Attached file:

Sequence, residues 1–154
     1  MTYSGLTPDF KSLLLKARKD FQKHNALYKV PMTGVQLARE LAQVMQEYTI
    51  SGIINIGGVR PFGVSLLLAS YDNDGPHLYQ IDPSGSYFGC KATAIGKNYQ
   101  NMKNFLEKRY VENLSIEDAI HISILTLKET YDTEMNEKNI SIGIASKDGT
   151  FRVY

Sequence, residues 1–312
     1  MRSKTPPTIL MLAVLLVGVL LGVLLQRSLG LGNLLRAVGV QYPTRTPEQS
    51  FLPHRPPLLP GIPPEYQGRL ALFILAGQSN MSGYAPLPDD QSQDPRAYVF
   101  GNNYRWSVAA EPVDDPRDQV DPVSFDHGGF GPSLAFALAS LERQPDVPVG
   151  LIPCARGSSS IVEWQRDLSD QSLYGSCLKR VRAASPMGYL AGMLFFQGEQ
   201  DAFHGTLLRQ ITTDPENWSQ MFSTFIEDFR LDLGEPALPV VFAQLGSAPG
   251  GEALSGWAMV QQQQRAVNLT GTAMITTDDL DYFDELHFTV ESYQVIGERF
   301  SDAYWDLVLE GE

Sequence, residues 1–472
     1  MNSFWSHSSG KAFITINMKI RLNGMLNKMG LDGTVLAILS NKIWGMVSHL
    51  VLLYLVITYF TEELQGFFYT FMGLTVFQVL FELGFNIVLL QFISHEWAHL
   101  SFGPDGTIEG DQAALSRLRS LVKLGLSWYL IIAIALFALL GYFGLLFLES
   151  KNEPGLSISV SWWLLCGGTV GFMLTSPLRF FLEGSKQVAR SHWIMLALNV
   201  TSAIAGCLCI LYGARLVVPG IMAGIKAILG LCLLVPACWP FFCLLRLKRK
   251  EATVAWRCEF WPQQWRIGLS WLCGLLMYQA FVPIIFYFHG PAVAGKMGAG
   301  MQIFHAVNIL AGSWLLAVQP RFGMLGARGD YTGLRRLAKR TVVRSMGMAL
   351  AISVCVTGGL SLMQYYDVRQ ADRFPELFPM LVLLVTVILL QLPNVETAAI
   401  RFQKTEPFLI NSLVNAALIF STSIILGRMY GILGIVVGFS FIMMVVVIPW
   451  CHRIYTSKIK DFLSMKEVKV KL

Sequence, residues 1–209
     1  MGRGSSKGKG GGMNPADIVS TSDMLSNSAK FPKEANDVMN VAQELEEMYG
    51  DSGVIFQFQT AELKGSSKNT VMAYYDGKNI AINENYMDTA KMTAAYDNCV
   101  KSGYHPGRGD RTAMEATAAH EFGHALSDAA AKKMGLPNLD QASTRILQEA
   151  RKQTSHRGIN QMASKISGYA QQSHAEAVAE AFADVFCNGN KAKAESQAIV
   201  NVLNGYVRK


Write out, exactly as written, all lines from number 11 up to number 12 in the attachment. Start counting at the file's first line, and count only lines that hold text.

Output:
   201  DAFHGTLLRQ ITTDPENWSQ MFSTFIEDFR LDLGEPALPV VFAQLGSAPG
   251  GEALSGWAMV QQQQRAVNLT GTAMITTDDL DYFDELHFTV ESYQVIGERF